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Watch: A Japanese company has invented a smartphone that you can wash

A gift for germaphobes.
  • Olivia Goldhill
By Olivia Goldhill

Science reporter

Published This article is more than 2 years old.

If you’ve ever wanted to give your smartphone a good scrub with soap and water, then you’re in luck: A Japanese company has invented a smartphone that can be thoroughly washed.

Kyocera said it created the device, called Digno Rafre, by developing “better sealing” for the phone. It will go on sale in Japan next week for ¥57,000 ($460), but there are currently no plans to sell the phone elsewhere.

As the phone works while wet, it could be handy for people who want to take their device into the bath. But the most practical use of a washable smartphone is to maintain cleanliness.

While dunking your phone may sound strange, phones can carry extremely high levels of bacteria. One Wall Street Journal investigation, which sent eight phones off for lab testing, found abnormally high numbers of coliforms, a bacteria indicative of fecal contamination. Meanwhile British watchdog Which? found more bacteria on the dirtiest smartphone tested than on an office toilet seat.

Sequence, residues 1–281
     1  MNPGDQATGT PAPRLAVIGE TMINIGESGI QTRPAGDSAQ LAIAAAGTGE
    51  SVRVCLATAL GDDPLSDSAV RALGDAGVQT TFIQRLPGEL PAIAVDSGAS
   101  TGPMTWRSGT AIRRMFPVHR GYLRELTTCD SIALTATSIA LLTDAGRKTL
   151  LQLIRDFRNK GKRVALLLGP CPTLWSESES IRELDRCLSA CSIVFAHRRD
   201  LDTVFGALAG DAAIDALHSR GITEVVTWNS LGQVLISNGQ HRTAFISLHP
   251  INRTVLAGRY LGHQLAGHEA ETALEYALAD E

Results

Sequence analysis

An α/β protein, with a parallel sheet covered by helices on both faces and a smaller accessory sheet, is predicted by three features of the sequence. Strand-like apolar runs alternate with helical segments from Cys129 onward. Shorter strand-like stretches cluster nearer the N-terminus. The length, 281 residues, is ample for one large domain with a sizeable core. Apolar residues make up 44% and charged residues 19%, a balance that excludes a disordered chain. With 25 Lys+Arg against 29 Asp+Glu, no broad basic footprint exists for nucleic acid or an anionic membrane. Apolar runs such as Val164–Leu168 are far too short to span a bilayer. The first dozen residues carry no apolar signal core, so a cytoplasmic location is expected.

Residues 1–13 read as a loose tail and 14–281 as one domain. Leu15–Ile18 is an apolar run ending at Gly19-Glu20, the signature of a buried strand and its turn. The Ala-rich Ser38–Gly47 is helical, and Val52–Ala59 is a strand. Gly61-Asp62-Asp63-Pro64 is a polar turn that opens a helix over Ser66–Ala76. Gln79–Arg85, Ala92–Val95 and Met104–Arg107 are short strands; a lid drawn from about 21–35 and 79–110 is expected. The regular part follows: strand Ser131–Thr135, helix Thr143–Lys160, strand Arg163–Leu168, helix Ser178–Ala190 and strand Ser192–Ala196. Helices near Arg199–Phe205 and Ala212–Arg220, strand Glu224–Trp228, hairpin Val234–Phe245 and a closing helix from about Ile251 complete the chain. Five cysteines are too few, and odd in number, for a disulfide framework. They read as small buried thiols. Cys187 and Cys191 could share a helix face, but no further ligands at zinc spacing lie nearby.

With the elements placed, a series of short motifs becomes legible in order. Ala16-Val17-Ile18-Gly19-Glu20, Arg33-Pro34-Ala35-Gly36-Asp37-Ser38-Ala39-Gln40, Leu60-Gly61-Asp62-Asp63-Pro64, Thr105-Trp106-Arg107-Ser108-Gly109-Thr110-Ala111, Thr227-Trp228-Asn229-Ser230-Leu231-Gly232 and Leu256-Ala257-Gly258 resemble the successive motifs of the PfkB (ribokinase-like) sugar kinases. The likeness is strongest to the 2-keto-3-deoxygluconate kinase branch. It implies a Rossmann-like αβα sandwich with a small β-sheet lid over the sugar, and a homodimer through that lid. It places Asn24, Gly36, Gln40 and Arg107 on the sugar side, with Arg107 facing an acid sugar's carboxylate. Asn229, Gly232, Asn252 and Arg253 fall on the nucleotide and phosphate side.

The phone isn’t particularly high tech in other ways—it has Android 5.1 and has a 13MP rear camera—but it will certainly be appreciated by any germaphobes.

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